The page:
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Did emotions sway the Harlow fire jury?

Madera Tribune File Photo Frederick Litke is shown here standing between his parents, awaiting the jury’s verdict on the charge that he set the Harlow Fire.


For five days, the Harlow fire ate up 43,000 acres between the Chowchilla River and Hwy. 41, destroying two towns and killing an elderly couple as they tried to escape the flames.

It started on July 10, 1961 and wasn’t brought under control until July 15. Within minutes of learning of the fire, District Attorney Lester Gendron and fire investigator Ed Bates were headed for the mountains. In a few hours, they were investigating the cause of the fire and interrogating several arson suspects. One turned out to be the individual they were looking for, Frederick Litke.

The 18-year-old Litke confessed to Bates that he started the fire on his birthday, Monday, July 10, 1961. He claimed he set the blaze to make it easier for the Harlows to round up horses. On Tuesday, July 11, a criminal complaint was brought against Litke for arson and two counts of murder for the deaths of Mr. and Mrs. George Kipp, who died in the conflagration.

It looked like an open-and-shut case. The youth signed the confession. He took investigators to the spot where he had set the fire. He confessed to his uncle, who was a police officer, that he was guilty, and he was extremely remorseful.

On July 27, Litke was arraigned in the Oakhurst Justice Court for arson and murder.

On August 23, the case went to the Madera County Grand Jury. Gendron asked for an indictment for arson and two counts of murder. At that point, the D.A. got a surprise. The Grand Jury refused to indict Litke for murder and chose, instead, to charge him with one count of starting a forest fire.

Gendron responded by reminding folks that the Harlow Fire ravaged 43,000 acres of forest and brush land, destroyed the communities of Ahwahnee and Nippinnawassee, and took two lives. Then, he pointed a finger at the Grand Jury.

“Litke is technically and legally responsible for all consequences of his act, but the grand jury doesn’t always follow the law,” Gendron said.

He went on to charge that members of the grand jury let their personal knowledge of the facts interfere with an objective view of those facts.

“The grand jury was swayed against a stiffer indictment because of a psychiatric report which claimed Litke’s emotional age was one or two years behind his chronological age.”

After a runaround over the possibility that Litke should be tried in a juvenile court [someone tried to use his birth certificate to prove that he had not turned 18 until the afternoon of July 10, which would have made him 17 at the time the fire was started on the morning of July 10], Gendron announced on Oct. 27, that Litke would face a public trial in Superior Court after all, but just for setting the fire. The grand jury refused to accuse him of anything more serious, although two persons died in the fire, which razed two mountain communities.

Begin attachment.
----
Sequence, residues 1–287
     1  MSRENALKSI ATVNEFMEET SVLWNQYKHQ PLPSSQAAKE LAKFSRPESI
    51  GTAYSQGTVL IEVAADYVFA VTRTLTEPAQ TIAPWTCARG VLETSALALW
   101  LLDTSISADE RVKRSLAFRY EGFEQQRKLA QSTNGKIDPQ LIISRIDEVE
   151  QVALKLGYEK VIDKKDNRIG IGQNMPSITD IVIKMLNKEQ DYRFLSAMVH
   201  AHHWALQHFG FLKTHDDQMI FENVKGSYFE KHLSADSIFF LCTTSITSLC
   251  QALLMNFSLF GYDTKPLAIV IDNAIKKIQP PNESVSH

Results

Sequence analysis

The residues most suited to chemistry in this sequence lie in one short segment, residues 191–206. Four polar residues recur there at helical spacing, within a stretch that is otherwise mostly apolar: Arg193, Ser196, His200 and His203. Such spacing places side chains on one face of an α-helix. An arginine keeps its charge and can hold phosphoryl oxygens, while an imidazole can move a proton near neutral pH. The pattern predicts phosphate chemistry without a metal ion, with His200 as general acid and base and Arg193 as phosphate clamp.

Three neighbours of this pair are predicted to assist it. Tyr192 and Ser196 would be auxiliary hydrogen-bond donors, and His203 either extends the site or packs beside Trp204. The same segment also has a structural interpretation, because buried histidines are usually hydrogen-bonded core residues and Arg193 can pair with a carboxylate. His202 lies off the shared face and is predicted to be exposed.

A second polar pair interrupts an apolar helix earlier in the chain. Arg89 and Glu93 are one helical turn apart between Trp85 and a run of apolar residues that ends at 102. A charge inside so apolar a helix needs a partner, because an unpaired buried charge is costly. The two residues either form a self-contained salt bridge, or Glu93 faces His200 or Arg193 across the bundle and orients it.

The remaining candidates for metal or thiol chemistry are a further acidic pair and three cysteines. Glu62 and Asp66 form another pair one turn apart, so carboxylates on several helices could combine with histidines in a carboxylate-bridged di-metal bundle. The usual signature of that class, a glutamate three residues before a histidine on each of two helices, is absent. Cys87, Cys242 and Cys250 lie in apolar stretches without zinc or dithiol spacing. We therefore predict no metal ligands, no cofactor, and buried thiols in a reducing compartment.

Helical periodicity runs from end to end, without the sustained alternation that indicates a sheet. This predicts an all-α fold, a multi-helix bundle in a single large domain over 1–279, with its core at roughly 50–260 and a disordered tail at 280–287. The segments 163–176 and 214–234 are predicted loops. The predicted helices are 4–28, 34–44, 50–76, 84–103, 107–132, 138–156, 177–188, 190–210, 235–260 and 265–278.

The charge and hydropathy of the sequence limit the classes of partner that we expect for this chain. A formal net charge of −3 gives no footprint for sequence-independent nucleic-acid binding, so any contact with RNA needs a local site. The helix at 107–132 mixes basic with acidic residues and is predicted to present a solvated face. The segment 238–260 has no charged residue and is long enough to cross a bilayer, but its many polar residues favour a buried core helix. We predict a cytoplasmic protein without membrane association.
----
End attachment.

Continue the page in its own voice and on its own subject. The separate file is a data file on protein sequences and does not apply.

On Dec. 18, 10 women and two men took their seats as jurors in the case against Frederick Litke. Two days later, Gendron and defense attorney Herbert E. Bartow completed their final statements. With the trial over, Litke would soon learn how much prison time he would serve.

On Wednesday, Dec. 20, at 1:25 p.m. the jury came in with a verdict. Frederick Litke was found “not guilty” of setting the Harlow fire.

Jury Foreman Joe W. Ross, who spoke after the trial, said the word “maliciously” had figured significantly in the jury’s deliberations. Ross also pointed out that even if the boy was in some way responsible for the fire, he had been unaware of the damage he could cause by starting it. This apparently influenced this Jury, just as it did the Grand Jury in September.

So everyone went home to reflect — mostly to try to figure if justice had really been served in the case against Litke.

He confessed to setting the fire. When he showed investigators where it had started; he was spot on. One of the state’s most respected fire investigators and polygraph experts was convinced that he was guilty.

Based on his personal conviction that Litke was guilty of arson and responsible for the deaths of two people in the commission of a felony, District Attorney Lester Gendron had asked for an arson charge and two counts of murder. All they would give him was the arson charge.

Then even when he took that to court, the trial jury refused to hold Litke guilty of anything. For many, it just didn’t fit — until Bates wrote his book, “Arson Investigation.” This writer believes Bates has the answer to the leniency shown Litke. It boiled down to emotion.

Sometime after the fire, Bates and his wife, Freda, were attending a Madera Union High School band concert, and one of the members of the audience who recognized him, approached him. She told him that she had been on the Harlow fire jury and said “We found him not guilty because it was just a week before Christmas, and he was so young.”

Bates responded, “Well, Merry Christmas for those two elderly people who died.”

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